The Daily Nugget – gold price rises past $1,790

As expected the European Central Bank decided yesterday to keep rates at 0.75%. Draghi told journalists that whilst the ECB has not yet initiated their OMT plan (no country has yet met the conditions) the idea of it alone had been enough to reassure markets. Something drastic needs to happen though as apparently Draghi is ‘bored’ by these complex discussions of OMT with journalists – his microphone was left on after he had finished answering the Press’ questions.

The preparedness of the ECB triggered a rally in the Euro which prompted the gold price to head for $1,800. It didn’t quite reach it but the spot gold price rose above $1,790 as new demand to buy gold entered the market. This morning it has risen for its fifth consecutive day and has risen to as high as $1,796.10, as more investors queue to buy gold bullion.

Not just gold prices on the rise

Silver futures for December delivery are having a good day so far, rising above $35/oz by 0.14% to trade at 35.052.

Divisions are being seen in Spain, not only on a private level where divorces and are at their highest and marriages at their lowest, but also between the technocrats. Rajoy has been attacked by the governor of Spain’s central bank over his fiscal plan.

The Bank of England also proved the Daily Nugget right by not changing interest rates, or announcing another round of QE. Speculation is still rife, however, as to whether this will still be the case come November’s meeting. House prices have fallen 11% in Britain since the financial crisis, M&A activity has fallen 30% and the M4 measure of money supply was lower than expected.

The Bank of Japan, as analysts expected, maintained rates at near-zero levels as well as its asset-purchase programme. Some however are now turning their attentions to the next meeting on 30th October when, by this point two consecutive periods of economic contraction will have been seen, increasing the chances for further easing.

FOMC minutes for the September meeting were released yesterday and showed there was some unease with the huge asset-buying programme it embarked on last month, it can’t have damaged their consciences too badly though as they still went and signed off ‘QE to infinity’.

Regardless of central bank announcements in the Western world, we are beginning to see evidence of the financial crisis hitting the little people, boosting the fundamental reasons for buying gold as an insurance; the most obvious statistic which impacts us all, whether central banker or bin man, is food prices. According to data from the Food and Agricultural Organisation, food prices were up 1.4% in September compared to August’s prices.

Cato Institute economist Steve Hanke, has gained some attention after warning that the Iran vs. the Western World’s sanctions has led to hyperinflation. The rial’s dramatic devaluation, the monthly inflation rate is now above 50%, is something we wrote about yesterday with a focus on how it is affecting gold bullion investment.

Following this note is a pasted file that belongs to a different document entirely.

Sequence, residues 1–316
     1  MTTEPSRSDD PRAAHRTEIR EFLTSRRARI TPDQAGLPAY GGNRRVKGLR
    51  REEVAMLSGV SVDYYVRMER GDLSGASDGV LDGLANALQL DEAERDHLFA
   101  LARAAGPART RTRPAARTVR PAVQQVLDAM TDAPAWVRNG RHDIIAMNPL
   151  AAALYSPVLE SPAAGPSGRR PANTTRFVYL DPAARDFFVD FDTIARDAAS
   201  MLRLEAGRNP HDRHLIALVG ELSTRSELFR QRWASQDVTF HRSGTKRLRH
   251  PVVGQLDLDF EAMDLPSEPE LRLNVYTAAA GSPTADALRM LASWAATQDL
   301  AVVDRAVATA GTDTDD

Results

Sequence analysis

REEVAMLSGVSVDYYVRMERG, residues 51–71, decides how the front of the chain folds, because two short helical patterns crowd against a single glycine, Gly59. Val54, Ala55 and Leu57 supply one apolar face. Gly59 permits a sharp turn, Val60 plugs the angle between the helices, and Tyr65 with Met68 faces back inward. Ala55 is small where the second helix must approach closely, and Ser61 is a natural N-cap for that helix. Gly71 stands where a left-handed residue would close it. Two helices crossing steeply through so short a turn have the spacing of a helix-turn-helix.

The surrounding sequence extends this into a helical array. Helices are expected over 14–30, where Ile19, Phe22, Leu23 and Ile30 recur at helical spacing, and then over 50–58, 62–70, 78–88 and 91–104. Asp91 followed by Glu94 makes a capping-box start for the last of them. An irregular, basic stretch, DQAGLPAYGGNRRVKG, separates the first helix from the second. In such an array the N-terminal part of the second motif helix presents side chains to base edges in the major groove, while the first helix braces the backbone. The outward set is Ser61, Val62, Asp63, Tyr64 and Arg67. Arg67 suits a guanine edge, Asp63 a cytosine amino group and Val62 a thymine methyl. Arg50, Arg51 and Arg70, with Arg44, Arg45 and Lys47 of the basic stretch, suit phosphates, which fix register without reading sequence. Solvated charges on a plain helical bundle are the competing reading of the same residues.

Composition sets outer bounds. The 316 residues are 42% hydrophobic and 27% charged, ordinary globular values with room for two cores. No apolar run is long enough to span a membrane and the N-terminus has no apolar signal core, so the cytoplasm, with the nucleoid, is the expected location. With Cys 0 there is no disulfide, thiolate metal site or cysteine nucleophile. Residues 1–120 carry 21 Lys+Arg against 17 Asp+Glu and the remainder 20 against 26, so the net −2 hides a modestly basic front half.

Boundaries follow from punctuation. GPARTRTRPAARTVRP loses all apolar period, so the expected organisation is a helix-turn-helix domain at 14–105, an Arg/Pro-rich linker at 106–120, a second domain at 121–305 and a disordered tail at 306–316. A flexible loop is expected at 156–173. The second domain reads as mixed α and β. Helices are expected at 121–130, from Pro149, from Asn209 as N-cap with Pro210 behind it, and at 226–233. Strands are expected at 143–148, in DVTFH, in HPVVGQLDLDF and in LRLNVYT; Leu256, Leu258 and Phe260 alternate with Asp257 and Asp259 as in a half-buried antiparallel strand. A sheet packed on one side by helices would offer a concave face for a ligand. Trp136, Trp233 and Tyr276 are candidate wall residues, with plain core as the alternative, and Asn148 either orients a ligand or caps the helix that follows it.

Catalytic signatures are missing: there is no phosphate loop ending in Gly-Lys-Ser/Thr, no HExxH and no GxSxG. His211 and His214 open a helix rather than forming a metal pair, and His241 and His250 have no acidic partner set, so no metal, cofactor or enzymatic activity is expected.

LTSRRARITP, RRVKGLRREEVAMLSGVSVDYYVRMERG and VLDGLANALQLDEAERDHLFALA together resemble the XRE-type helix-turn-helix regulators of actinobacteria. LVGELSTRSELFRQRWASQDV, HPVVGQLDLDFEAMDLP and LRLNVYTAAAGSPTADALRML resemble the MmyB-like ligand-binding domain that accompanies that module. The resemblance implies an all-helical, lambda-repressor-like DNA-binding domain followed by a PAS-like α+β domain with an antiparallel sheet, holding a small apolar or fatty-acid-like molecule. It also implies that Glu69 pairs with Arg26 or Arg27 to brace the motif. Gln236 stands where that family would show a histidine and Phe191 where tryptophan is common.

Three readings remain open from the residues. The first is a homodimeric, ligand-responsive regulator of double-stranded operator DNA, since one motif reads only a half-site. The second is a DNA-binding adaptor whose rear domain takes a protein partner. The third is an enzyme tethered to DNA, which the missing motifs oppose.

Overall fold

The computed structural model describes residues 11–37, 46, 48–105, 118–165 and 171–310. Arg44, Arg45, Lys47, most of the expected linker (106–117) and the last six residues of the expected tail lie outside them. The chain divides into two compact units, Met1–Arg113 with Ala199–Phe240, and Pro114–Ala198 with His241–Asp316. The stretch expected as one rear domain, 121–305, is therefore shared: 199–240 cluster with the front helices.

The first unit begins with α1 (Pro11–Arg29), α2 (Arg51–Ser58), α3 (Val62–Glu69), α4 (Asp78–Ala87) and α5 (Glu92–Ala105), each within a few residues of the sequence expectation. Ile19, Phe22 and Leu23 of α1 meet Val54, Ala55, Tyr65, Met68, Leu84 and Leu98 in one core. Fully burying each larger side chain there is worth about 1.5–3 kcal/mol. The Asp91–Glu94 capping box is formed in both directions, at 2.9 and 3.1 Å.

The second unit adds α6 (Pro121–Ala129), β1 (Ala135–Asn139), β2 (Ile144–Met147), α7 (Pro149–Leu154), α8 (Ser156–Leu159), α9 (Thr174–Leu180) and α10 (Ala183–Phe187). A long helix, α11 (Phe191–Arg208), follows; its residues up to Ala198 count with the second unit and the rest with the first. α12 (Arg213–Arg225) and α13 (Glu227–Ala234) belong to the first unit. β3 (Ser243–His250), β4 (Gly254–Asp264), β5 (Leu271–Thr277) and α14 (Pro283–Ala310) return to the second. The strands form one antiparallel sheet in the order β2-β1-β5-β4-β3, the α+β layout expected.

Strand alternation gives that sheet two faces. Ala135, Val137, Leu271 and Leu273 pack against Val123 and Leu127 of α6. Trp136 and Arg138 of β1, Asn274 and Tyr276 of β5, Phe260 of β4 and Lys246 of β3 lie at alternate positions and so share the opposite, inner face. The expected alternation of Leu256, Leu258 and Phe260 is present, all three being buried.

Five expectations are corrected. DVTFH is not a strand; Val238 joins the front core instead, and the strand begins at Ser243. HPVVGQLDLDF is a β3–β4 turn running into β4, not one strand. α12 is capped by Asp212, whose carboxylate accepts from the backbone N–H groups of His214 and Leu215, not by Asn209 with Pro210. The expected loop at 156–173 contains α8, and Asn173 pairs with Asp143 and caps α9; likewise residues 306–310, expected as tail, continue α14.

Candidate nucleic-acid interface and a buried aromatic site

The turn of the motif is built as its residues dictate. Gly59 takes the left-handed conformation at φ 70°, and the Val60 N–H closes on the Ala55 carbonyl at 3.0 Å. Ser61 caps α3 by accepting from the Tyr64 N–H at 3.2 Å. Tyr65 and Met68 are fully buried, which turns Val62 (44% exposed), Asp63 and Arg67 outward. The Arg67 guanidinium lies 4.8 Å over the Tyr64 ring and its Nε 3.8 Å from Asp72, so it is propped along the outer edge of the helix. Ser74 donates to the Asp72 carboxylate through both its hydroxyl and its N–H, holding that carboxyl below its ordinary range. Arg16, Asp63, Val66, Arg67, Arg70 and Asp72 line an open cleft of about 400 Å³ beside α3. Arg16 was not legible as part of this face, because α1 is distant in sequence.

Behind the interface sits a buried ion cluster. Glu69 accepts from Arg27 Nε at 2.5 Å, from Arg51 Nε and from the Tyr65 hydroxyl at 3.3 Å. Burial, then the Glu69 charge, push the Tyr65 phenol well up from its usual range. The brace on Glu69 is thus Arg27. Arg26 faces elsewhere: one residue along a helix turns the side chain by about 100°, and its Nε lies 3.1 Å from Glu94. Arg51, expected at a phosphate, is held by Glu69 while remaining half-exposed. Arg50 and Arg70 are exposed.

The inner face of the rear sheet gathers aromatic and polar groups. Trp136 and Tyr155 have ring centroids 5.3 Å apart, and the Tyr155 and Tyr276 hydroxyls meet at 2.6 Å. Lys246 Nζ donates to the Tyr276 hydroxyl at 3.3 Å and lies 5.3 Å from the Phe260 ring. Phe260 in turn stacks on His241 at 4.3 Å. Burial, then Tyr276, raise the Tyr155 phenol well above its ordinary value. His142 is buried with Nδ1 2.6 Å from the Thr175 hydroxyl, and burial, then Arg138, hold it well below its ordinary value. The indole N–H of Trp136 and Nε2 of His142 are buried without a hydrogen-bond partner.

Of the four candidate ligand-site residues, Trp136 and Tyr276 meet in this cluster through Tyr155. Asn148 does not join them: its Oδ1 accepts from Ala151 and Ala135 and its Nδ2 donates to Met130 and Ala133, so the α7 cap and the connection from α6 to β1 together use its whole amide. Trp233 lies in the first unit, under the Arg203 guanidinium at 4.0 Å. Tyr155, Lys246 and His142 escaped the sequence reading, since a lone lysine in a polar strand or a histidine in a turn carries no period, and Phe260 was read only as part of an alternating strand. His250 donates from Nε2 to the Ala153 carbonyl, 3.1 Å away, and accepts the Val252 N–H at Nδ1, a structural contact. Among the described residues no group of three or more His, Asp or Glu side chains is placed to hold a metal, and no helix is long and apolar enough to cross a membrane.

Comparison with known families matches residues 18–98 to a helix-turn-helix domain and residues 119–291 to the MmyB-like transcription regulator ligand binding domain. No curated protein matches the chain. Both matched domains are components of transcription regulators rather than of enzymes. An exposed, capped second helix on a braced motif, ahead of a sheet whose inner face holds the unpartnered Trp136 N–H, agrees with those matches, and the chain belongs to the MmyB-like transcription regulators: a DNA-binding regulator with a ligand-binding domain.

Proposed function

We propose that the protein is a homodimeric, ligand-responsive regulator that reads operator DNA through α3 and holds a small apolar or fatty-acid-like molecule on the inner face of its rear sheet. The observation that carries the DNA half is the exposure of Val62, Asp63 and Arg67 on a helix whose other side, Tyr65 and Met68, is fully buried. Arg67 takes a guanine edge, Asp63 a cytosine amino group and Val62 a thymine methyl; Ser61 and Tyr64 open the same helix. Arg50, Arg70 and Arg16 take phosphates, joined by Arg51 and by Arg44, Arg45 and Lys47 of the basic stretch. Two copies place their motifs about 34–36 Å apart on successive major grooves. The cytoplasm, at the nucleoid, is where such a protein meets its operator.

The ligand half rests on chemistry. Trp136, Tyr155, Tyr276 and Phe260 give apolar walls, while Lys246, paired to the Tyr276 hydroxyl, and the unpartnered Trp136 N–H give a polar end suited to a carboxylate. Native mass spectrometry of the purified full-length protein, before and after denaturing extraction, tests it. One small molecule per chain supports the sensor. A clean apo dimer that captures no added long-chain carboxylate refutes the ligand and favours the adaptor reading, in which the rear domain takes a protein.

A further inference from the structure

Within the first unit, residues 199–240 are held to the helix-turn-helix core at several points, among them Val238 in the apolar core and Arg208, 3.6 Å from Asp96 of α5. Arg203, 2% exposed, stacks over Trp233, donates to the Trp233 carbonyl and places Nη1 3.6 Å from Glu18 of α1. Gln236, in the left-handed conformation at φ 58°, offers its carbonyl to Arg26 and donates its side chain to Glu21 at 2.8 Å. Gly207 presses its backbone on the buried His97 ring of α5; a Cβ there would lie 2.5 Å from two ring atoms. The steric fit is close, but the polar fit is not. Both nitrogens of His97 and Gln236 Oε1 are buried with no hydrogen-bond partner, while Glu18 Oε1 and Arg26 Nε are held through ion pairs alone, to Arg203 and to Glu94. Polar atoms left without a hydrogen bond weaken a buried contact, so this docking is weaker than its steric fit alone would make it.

Analysts have been looking towards the end of the week waiting for US non-farm payroll data, with many expecting to see it push gold above $1,800/oz. Last month the Fed announced it would buy mortgage-backed securities until the labour market improved. If data is seen to improve this could temper gold’s climb as some may argue that it is evidence the Fed’s policies are working and therefore the inflationary measures may not carry on for as long as expected.

Geo-political tensions, most recently between, Turkey and Syria, are also likely to help gold prices as well as volatility in the oil price.

The next hopeful push for gold will come from China as many are expecting to see further plans for easing plans to be announced, following in the ECB, US Federal Reserve, BOE and BOJ’s footsteps. After disappointing PMI data this month, many are now of the opinion that China has nowhere else to turn other than to the printing presses.

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About the Author

Jan SkoylesJan Skoyles is Head of Research at The Real Asset Company, a platform for secure and efficient gold investment. Jan first became interested in precious metals and sound money when she met Ned Naylor-Leyland whilst working alongside him in the summer of 2010. Jan then went on to write her undergraduate dissertation on the use of precious metals in the monetary system. After graduating from Aston University in 2011 Jan joined The Real Asset Co research desk. Her work and views are now featured on a range of media including BBC, Reuters, Wall Street Journal, Mail on Sunday, Forbes and The Telegraph. She has appeared on news channels including Russia Today to discuss the gold price and gold investing. You can keep up with Jan's commentary by subscribing to our RSS feed Gold Investment News.View all posts by Jan Skoyles